Arq. Bras. Oftalmol. vol.76 número6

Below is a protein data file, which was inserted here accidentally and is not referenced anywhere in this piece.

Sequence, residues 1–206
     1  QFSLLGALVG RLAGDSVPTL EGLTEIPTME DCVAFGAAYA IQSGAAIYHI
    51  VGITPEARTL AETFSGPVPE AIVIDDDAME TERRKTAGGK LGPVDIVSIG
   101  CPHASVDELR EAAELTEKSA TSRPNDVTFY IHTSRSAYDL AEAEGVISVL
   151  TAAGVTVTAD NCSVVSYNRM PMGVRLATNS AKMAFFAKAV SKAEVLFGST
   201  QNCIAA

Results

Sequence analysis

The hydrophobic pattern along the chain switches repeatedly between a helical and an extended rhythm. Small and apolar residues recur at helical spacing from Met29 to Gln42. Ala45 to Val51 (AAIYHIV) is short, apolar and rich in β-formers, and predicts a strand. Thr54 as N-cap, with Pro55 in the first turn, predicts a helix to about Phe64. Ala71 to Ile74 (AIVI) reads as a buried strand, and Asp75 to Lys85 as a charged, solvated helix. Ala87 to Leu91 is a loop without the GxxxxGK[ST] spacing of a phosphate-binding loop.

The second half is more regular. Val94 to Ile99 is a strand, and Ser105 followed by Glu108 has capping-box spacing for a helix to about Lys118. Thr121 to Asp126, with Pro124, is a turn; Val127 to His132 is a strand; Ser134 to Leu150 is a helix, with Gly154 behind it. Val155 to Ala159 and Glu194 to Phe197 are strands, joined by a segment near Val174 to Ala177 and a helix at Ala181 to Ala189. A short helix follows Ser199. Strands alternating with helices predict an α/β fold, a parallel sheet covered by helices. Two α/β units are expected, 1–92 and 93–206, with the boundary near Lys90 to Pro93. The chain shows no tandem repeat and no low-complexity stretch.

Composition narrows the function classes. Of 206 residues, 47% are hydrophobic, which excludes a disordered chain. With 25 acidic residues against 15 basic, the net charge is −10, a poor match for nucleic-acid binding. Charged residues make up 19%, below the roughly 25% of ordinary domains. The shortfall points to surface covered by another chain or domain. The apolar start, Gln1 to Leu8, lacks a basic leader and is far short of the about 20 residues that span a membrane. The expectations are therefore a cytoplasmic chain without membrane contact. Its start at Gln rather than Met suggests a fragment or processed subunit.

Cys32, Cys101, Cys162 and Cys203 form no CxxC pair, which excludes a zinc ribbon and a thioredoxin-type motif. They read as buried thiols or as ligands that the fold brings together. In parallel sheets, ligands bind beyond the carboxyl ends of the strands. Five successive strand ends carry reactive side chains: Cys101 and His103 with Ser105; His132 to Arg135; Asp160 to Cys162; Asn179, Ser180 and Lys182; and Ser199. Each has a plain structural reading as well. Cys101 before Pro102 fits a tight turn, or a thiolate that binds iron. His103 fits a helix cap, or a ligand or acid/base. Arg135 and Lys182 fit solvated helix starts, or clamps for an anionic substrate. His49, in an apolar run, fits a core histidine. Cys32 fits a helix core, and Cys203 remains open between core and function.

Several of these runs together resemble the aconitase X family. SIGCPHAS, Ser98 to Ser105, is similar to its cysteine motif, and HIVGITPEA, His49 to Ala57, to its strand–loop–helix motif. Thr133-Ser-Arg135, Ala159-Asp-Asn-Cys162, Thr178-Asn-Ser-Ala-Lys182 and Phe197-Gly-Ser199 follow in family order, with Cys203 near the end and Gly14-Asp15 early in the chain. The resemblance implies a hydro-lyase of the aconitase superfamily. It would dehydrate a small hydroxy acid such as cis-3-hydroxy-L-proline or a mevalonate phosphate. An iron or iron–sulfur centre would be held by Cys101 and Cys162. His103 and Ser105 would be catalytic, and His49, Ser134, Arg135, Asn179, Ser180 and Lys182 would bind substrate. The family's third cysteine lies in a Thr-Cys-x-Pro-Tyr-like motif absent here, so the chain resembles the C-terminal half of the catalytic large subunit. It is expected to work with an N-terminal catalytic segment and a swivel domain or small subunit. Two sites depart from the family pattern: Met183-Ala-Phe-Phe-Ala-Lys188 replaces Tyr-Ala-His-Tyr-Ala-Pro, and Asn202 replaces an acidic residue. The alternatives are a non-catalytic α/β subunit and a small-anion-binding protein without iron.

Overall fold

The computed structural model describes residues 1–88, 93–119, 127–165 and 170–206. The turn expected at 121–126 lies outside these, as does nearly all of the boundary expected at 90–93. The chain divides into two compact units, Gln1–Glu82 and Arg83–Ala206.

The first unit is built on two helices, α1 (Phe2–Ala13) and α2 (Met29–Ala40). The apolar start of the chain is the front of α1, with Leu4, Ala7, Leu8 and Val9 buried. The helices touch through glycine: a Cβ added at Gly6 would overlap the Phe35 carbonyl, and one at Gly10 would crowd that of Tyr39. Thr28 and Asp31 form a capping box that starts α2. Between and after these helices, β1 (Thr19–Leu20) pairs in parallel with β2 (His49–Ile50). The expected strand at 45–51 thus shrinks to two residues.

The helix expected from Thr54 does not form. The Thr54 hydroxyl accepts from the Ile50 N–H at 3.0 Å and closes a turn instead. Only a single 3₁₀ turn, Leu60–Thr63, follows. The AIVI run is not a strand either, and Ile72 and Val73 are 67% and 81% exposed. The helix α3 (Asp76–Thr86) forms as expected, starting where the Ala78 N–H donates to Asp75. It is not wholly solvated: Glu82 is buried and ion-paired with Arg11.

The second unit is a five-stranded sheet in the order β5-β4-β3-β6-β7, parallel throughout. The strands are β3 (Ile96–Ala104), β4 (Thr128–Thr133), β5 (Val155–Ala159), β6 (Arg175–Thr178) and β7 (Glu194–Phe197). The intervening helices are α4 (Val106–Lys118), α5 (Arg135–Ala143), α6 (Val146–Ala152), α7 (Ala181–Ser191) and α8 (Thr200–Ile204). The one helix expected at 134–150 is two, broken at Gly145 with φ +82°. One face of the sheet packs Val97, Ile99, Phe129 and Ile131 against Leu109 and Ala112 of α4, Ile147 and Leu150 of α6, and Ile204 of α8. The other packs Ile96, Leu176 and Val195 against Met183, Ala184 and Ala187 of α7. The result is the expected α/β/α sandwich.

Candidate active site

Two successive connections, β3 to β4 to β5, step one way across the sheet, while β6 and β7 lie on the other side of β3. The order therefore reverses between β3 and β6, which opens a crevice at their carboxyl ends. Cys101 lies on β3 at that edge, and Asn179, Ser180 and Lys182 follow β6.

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(1)Relato de Caso | Case RepoRt Pattern of inner retinal layers involvement in pigmented paravenous retinochoroidal atrophy as determined by SD-OCT: case report Padrão de envolvimento das camadas retinianas internas na atroia retinocoroidiana pigmentada paravenosa determinado pelo SD-OCT: relato de caso Daniela laura Melo Junqueira1, Flavio Siqueira SantoS lopeS1,2, luíS GuStavo Biteli1,2, tiaGo SantoS prata1,2 ABSTRACT RESUMO Pigmented paravenous retinochoroidal atrophy is an ocular disease characterized by outer retina and choroidal atrophy often with overlying intraretinal bone spicule pigment deposition along the retinal veins. As a rare condition, there is scant information in the literature regarding the pattern of inner retinal layers involvement. We present a case of a 41-year-old white man initially referred for a glaucoma evaluation. Fundoscopy revealed patches of retinochoroidal atrophy and light pigmentation extending from the optic nerve head along the inferior-temporal retinal veins in both eyes. Using different spectral-domain optical coherence tomography (SD-OCT) protocols we identified a significant thinning of the inner retinal layers along the inferior-temporal veins, but with a lucid interval surrounding the optic nerve head. Standard automated perimetry revealed a superior absolute arcuate scotoma sparing the central fixation (good structure-functional correlation). This pattern of inner retinal layers involvement was not previously described. We believe SD-OCT added significantly to the anatomical description of this case. Physicians should consider these new anatomical findings and correlate them with functional status while assessing these patients. Atrofia retinocoroidiana pigmentada paravenosa é uma doença ocular caracterizada por atrofia localizada da coroide e da retina externa associada a áreas de pigmentação em espícula óssea depositada ao longo das veias retinianas. Como é uma condição rara, há pouca informação na literatura sobre o padrão de envolvimento das camadas mais internas da retina. Relatamos o caso de um homem branco, de 41 anos, encaminhado incialmente para avaliação de glaucoma. Apresentava à fundoscopia áreas de atrofia retinocoroidiana com pigmentação leve sobrejacente, estendendo-se desde o disco óptico e seguindo ao longo da veia temporal inferior da retina em ambos os olhos. Por meio de diferentes protocolos da tomografia de coerência óptica de domínio espectral (SD-OCT) identificamos um afinamento significante das camadas internas da retina ao longo da veia temporal inferior, mas com uma área de intervalo lúcido ao redor do disco óptico. A perimetria automatizada acromática revelou um escotoma arqueado superior absoluto, poupando a fixação central em ambos os olhos e correspondendo às áreas de atrofia ao longo das veias retinianas (boa correlação anátomo-funcional). Este padrão de envolvimento das camadas retinianas internas não havia sido descrito anteriormente. Acreditamos que o SD-OCT contribuiu significativamente para a descrição anatômica desse caso e que estes novos achados devam ser considerados e correlacionados com o estado funcional ao avaliar esses pacientes. Keywords: Atrophy; Retinal ganglion cells; Choroid/pathology; Retina/pathology; Retinal nerve fiber layer; Tomography, optical coherence; Visual field; Case report Descritores: Atrofia; Células ganglionares da retina; Coroide/patologia; Retina/patologia; Camada de fibras nervosas da retina; Tomografia de coerência óptica; Campo visual; Relato de caso INTRODUCTION Pigmented paravenous retinochoroidal atrophy (PPRCA) is a rare ocular disease that is characterized by paravenous retinal pigment epithelium (RPE) and choroidal atrophy often with overlying intraretinal bone spicule pigment deposition along retinal veins(1). The cause is unknown, and the course of the degeneration is unpredictable. Patients are usually asymptomatic, and the diagnosis is based on the characteristic fundus appearance. Fluorescein angiography, electrophysiological and visual ield tests may conirm the diagnosis(1). Few cases have been reported. Most of them were sporadically and detected in male patients(2). While some reports have suggested that PPRCA has a congenital origin(3), others suggest a primary retinal degeneration(2). It has also been associated with mutations in the human CRB1 gene, which is known to cause other retinal dystrophies, such as retinitis pigmentosa and Coats-like exudative vasculopathy(4). An association with Norrie´s syndrome was also described. Finally, an inlammatory cause, such as syphilitic etiology, has been suggested by Hsing-Hsiang(5). As a rare condition, there is scant information in the literature regarding anatomical indings and about how the retinal layers are involved in PPRCA. In fact, it seems to exist a considerable variability in the extent and degree to which the retina is afected(2). In the present case report, we provide new indings and a detailed description of the anatomical involvement of the inner retina using high-resolution retinal imaging [Spectral-Domain Optical Coherence Tomography (SD-OCT)] to evaluate a patient with PPRCA. Submitted for publication: August 02, 2013. Accepted for publication: October 07, 2013 1 2 Funding: No specific financial support was available for this study. Study carried out at Hospital Medicina dos Olhos, São Paulo, SP, Brazil. Disclosure of potential conflicts of interest: D.L.M.Junqueira, None; F.S.S.Lopes, None; L.G.Biteli, None; T.S.Prata, None. Physician, Hospital Medicina dos Olhos, São Paulo (SP), Brazil; Physician, Department of Ophthalmology, Universidade Federal de São Paulo, São Paulo (SP), Brazil. Correspondence address: Tiago Santos Prata. Department of Ophthalmology. Universidade Federal de São Paulo. Rua Botucatu, 821 - São Paulo (SP) - 04023-062 - Brazil E-mail: tiagoprata@ig.com.br 380 Arq Bras Oftalmol. 2013;76(6):380-2